Verbal and Non – Verbal Communication
Communication is the study of the transfer of meaning (Eunson, 2005, p. 2). This consists of verbal communication, which is the exchange of ideas through written or spoken words and non – verbal communication, which is conveying a message through cues such as facial expressions (a smile), head movements (shaking left to right), proxemics (closeness in proximity) and eye messages (a stare). It is virtually impossible to not communicate, as further proved by the axiom – “You cannot not communicate”.
There can also be considerable misunderstanding due to the noise factors that obstruct easy flow of communication, which can be dismissed if the misconceptions are understood and remedied. Verbal cues can be easily controlled; where as the non – verbal cues have little or no control as they are exhibited by the speaker more or less without his or her knowledge. These are more spontaneous and the individual has less control over them, thus making it more genuine and real.
Consequently, at times when the verbal cues and the non – verbal cues are contradicting, it is the general practice for the listener to perceive the message displayed by the non – verbal cue. In a face to face conversation or verbal exchange, the words take only 7% of the effectiveness of delivering the proper message, where as the tone of voice and non – verbal communication consists of 38% and 55% respectively (Bradbury, 2003).
The aim of this presentation is to examine how communication of messages could be carried out effectively with the maneuvering of both, verbal and non – verbal cues, in the absolute correct way. Some methods to ensure proper communication would be to listen attentively to the speaker, keep eye contact, keep an open attitude to both the speaker and the listener, body language and feed back. This would enable us to communicate better with others by minimizing the possibility of delusion and thus we are able to read their thoughts and feelings, which they might be hiding and vice versa.
Also, this teaches us about the ways we might be subconsciously portraying ourselves to be to others as further confirmed by the famous saying “World is a mirror of yourself”. Consequently, we are able to create better rapport with others and this also provides a gateway to understand our inner selves, which sometimes we would be clueless about. The use of words in terms of speaking or writing can be rephrased if necessary, to alter the meaning that the speaker needs to get across to the listener.
Yet, there can be noise factors, which cause distortions in the actual message the sender is trying to put forth to the receiver. This is because the words have two different meanings, the denotative meaning – the dictionary definition of a word and the connotative meaning – feelings or associations each individual has about a word (Kimberley, 2003, p. 145). For example, if a person talks to another person about “love”, the listener would always relate it to his or her personal experiences about love and thus there is a higher possibility of ineffective communication.
In contrast, if the word “a pencil box” is mentioned there is not the least possibility of misunderstanding the information as, a pencil box has a definite meaning. On the other hand, in non verbal communication it is inevitable to stop oneself from communicating with others. For example if an individual keeps quiet in an attempt to not communicate, this is not possible because this mere act sends a message to the listeners around that he or she is not willing to talk now (Dr. Shaler, 2005).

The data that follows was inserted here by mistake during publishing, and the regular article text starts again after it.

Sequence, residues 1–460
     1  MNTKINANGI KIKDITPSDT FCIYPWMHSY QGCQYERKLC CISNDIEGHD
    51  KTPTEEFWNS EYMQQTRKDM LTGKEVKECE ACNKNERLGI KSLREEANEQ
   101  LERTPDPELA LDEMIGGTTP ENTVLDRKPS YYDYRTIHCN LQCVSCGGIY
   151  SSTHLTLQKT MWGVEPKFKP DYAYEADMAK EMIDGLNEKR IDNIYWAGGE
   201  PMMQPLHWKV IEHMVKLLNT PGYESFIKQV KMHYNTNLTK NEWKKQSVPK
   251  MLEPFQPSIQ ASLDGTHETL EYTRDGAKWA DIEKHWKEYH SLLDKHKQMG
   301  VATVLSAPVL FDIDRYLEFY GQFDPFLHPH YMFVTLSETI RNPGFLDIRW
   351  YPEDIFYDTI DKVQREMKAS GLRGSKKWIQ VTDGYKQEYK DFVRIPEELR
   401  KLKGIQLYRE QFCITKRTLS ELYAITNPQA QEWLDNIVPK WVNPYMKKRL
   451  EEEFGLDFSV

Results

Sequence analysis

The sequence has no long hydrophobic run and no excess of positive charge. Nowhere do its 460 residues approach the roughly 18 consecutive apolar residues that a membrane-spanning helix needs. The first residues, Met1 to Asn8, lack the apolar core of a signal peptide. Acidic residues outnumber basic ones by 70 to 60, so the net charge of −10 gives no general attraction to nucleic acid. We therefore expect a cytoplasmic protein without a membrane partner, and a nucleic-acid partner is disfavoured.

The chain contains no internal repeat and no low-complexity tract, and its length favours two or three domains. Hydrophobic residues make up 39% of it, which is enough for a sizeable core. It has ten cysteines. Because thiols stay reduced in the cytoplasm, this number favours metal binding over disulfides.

This means that an individual is constantly communicating even though he or she may not be saying anything verbally. Their physical characteristics such as the hairstyle, dressing, accessories or the touching behavior and body movements might say something to the person he or she is communicating to without even realizing it. The speaker might even be saying something undesirable without knowing. This makes us vulnerable to people’s assumptions and interpretations.
This is especially difficult when our non-verbal messages conflict with our verbal ones as it sends mixed messages, which further confuses the other party. There are many ways of communicating. Different parts of the world have their own set of nonverbal cues. Different cultures have different ways of interpreting and understanding non-verbal cues. For example when meeting a person for the first time, Americans put high value on eye contact and usually limit their touch to firm handshake (Kimberley, 2003, p. 82) while in Japan it is considered rude to look directly into the eye.
A simple gesture of thumbs up might mean “OK” to the rest of the world but is a rude gesture in Mexico. Understanding cross-cultural non-verbal cues is really important, especially when communicating with people of another culture in order not to offend them resulting in unintended communication failures and conflict. This might tarnish the relationship between people. Thus we have to be careful with our actions.
By studying this, we are able to gather the kind of impression we might be projecting to people and hence improve it. Conclusion Effective communication is very important especially in order to build a good foundation between parties. Verbal and non – verbal communication is equally important in the process of failure free information transfer between parties, but non – verbal communication takes up a major role in this procedure. In conclusion, we should ensure that both these types of cues are appropriately put into action to enhance better communication and interaction.